The biological role of akirin in anopheles arabiensis

Letinić, Blaženka Danica
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Anopheles arabiensis is an opportunistic malaria vector that rests and feeds outdoors, circumventing current vector control methods. Furthermore, this vector will readily feed on animal as well as human hosts. Agricultural animals are regularly vaccinated with recombinant proteins, for the control of multiple endo- and ectoparasitic infestations. Targeting An. arabiensis, while feeding on animals, can provide an additional intervention to the current vector control activities. Previously, the use of a subolesin-vaccine showed a mark reduction in tick survival and reproductive fitness. Targeting Akirin (Subolesin ortholog) in An. arabiensis, when performing CRISPR mediated interference or RNA mediated interference, reduced both vector survival and reproductive capacities. This gene regulation function made Akirin a potential antigen for vaccine development against An. arabiensis, which was further investigated. The efficacy of three recombinant Akirin vaccines was evaluated, to determine if Akirin could represent a novel target for the control of An. arabiensis. Immunisation trials were conducted based on the concept that female An. arabiensis, feeding on vaccinated hosts (balb/c mice), would ingest antibodies specific to the target antigen, affecting its function within the vector. All three antigens evaluated, namely recombinant Akirin from An. arabiensis, recombinant Akirin from Aedes albopictus and recombinant Q38 (Akirin/Subolesin chimera), successfully reduced An. arabiensis survivorship and reproductive capacities, with a vaccine efficacy of 68 to 73%. In conclusion, these results were the first to characterise the biological role of Akirin in An. arabiensis survival and reproduction, by performing CRISPRi and RNAi, using an optimised nano-injection protocol. Furthermore, these results were the first to show that blood hosts vaccinated with recombinant Akirin vaccines could aid in the suppression of An. arabiensis vector populations, through the reduction of vector survivorship and reproductive capacities. Therefore, these results provide a step towards the development of a novel target for An. arabiensis vector control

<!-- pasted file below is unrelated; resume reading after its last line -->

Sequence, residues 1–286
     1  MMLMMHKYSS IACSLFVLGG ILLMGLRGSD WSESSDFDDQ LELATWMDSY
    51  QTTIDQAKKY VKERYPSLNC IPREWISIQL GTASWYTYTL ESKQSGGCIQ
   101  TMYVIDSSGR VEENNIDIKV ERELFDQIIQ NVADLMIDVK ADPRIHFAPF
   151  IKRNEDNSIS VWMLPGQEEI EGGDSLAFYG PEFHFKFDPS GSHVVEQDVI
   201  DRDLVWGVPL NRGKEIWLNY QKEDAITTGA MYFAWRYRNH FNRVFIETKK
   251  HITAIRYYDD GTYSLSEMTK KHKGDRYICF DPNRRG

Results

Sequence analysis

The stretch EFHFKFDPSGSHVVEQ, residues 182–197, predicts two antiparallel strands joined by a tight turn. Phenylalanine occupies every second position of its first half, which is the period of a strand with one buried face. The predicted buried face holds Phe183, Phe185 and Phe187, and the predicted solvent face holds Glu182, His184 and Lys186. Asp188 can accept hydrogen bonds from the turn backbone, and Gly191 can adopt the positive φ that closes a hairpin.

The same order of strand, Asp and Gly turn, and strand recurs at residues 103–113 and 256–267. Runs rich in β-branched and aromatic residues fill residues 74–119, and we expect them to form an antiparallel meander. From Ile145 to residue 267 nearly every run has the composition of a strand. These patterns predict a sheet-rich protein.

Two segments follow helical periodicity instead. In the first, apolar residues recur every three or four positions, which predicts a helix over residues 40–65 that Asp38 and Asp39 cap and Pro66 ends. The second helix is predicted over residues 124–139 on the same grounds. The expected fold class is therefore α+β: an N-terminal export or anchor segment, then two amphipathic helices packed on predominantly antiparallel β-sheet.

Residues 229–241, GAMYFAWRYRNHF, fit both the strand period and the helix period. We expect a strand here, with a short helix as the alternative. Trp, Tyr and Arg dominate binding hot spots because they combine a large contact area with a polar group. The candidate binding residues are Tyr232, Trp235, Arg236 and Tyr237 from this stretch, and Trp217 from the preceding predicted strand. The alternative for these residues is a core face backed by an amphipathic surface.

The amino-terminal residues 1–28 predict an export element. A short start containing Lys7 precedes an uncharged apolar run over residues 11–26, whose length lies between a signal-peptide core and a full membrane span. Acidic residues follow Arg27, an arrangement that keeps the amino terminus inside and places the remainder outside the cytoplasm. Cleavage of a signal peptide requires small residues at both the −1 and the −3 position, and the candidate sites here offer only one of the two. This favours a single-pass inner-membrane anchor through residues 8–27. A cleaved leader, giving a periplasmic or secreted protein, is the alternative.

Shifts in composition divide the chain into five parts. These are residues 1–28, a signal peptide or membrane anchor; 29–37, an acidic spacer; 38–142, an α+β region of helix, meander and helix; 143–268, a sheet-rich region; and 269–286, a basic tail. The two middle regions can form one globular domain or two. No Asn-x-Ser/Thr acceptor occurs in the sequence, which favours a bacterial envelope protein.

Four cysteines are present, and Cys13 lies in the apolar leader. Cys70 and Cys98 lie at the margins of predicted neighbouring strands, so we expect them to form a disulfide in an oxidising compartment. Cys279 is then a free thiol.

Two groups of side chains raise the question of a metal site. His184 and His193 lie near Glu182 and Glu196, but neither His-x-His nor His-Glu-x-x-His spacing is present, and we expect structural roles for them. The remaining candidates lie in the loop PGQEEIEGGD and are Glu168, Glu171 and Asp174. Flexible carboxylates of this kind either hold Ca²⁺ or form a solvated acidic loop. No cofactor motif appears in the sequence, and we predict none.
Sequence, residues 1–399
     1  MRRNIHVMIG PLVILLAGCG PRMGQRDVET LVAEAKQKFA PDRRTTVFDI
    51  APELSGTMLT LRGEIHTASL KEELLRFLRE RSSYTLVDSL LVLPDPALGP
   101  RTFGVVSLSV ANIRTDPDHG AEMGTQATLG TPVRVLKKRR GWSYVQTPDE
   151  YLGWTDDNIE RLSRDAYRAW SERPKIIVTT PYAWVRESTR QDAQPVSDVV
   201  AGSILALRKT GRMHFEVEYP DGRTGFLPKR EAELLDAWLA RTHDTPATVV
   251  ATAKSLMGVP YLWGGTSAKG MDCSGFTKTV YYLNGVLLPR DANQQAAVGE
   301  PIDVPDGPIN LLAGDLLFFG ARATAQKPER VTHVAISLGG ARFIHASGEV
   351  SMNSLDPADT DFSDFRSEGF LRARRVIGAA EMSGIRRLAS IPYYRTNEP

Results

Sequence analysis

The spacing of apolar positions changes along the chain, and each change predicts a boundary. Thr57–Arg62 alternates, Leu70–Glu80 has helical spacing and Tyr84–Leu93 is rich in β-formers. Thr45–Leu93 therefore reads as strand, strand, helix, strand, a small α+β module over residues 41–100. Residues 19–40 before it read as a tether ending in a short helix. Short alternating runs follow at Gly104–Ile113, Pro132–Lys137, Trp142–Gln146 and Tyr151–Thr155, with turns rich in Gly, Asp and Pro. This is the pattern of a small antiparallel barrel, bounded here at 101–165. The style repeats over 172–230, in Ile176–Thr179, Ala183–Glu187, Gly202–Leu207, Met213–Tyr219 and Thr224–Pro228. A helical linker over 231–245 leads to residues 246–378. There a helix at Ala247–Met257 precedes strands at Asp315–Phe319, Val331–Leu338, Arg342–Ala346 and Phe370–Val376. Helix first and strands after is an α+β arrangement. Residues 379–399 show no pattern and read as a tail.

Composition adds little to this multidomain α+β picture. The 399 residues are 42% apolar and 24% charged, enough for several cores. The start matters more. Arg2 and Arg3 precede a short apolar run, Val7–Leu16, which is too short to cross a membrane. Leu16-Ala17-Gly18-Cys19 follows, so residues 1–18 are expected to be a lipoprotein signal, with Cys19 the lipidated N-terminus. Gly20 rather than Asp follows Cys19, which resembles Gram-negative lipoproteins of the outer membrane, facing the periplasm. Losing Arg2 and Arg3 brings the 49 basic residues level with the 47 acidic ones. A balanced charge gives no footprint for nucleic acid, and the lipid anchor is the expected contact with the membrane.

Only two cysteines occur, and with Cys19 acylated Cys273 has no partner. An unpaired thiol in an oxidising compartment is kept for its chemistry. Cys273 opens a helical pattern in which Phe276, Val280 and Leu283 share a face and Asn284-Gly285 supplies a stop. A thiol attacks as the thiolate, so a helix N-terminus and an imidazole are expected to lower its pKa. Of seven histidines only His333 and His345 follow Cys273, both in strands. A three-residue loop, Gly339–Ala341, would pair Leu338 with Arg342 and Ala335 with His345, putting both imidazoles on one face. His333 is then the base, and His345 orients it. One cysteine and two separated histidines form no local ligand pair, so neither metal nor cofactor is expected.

A thesis submitted in fulfilment of the requirements for the degree of Doctor of Philosophy to the Faculty of Health Sciences, School of Pathology, University of the Witwatersrand, Johannesburg, 2020